"I love how much this project takes Charlottesville's history and the environment into account."


Now that everybody feels good, what's next? If the city wants to waste more money, why not have design contests for every piece of vacant or "under-utilized" property within its borders? Start with W. Main, then do Preston then jump over to Cherry Avenue. OR, even better, let's really have some fun and re-do the east end of the downtown mall in an annual re-design contest. If we up the prize, we could get submissions from almost every country in the world! When Mayor Brown presents the awards at the next council meeting (the City should foot the bill so that each entrant is in attendance), I hope he will tell us what the city has learned from this exercise.

As usual, lots of dreamy planning, no action. This will never be built.

I think the first goal for the city council should be to get the clock working on the flower kiosk thing at the center of the mall. I've been waiting a decade for that major undertaking.

Damn, I read wrong. It looks like it's really $50,000 that the mayor decided to waste on this.

I think a great addition to any of those plans would be public stocks where we could through rotten produce from the city market at petty criminals. David Brown ought to be the first to get that treatment.

Handing over $25,000 of other people's money ought to bring a huge smirk to Mayor Brown's face. Making meaningless proclamations and wasting money seem to be his idea of what a mayor does. That and smirking a lot.

I certainly hope some other tax paying citizens will be there with me to wipe the Mayor's smirk off with questions about why the city would waste such an astronomical amount of money on such a worthless project. Don't forget that quite a bit was paid to the CDC to "manage" the competition too. There are too many real problems that C'ville needs to solve that aren't being addressed. All that money could have gone to something meaningful.

During the last drought, I kept hearing the phrase, "If it's Brown flush it down." Couldn't be more apt this time around. Maybe we will get some real leadership from the next mayor.

Ummm...the city does not own half of this land. The city can plan all they like, but they have zero right to develop these plans.

Nice...I like the openness of being able to get natural sunlight into the design. It sort of has the Brickness of this city so I bet it goes over well with the local government design boards. It seems if it isn't made of bricks it just isn't Charlottesville enough. But maybe that's just me.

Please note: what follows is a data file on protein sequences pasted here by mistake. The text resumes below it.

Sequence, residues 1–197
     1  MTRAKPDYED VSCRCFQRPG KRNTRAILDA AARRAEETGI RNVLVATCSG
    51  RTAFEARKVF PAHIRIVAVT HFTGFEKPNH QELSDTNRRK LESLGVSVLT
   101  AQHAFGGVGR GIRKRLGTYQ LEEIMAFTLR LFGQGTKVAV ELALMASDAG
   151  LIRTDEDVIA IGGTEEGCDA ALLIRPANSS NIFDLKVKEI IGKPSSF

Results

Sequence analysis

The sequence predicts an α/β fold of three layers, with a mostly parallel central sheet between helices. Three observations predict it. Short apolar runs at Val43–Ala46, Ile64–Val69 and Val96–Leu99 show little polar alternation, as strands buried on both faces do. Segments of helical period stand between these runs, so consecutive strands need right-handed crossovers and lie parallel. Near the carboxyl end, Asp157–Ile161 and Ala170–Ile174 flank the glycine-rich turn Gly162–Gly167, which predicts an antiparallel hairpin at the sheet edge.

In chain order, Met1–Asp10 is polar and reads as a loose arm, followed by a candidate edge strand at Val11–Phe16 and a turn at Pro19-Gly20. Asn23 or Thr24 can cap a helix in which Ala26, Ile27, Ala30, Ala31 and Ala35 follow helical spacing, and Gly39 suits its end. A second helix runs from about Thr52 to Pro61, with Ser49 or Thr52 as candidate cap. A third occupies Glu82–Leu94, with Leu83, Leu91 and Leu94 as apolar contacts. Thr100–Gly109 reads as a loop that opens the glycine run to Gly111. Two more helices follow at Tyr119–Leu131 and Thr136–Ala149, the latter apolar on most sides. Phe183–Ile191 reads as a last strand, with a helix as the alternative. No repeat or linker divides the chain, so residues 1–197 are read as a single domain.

I like the overall look of it, and it should fit right into the current downtown look that is taking hold and what has been developed so far. Don't get me wrong, it's not that bad!

Outskirts Guy, I've heard that, after going through the Board of Architecture Review's review, the kiosk eventually cost the city $75k. It has proven to be as useful to the tax payer as the contest. Maybe somebody just needs to plug it in somewhere - perhaps in Albemarle County. I'll let you know on your blog if I ever catch it running.

Well...as the locals say, seems as if I stuck a cigarette down my throat - since the clock is now working. My guess is that they did try that modern approach and plugged it in (after having spent all that money).

Since the clock is running (at least for the day), I suggest the city now spend $75k to change the sign on the mall that says Subway. It points to the location that is now occupied by the 4minute workout, where Subway was three years ago.

How long does it take to change (or even just remove) the sign? How long would it take to build an entirely new section of downtown? You do the math.

Outskirts and Cville Eye,
The city can and does get things done in a timely fashion. It really hasn't taken that long for them to spend $400,000.00 of taxpayers money on the new playground at McGuffey Park.

Kevin Cox, I wonder if the $18,000 worth of rain barrels at the "Urban Garden" ever caught any rain. I understand that we only had .5" of rain in September. I did have some mist yesterday that may have condensed in them. I wonder if they ever produced $18k worth of produce there. I wonder if the new Storm Water Management fees/taxes will provide all of us with rain barrels. I wonder if the $400k upgrades at the new Tonsler Park is finished. I wonder if the $200k worth of sign replacement is finished. I thought I saw the blue-painted brown signs still downtown. Have they hired the new Customer Care person and his staff of ten yet? I believe the $15k Whale Tail will self-destruct soon in a sustainable, "green" way. How much will it cost the city to landfill? I wonder how much Council wants to spend on new clinic for city employees. I wonder if anybody else is wondering about these things.

The "management" fee was reported to be $103,000.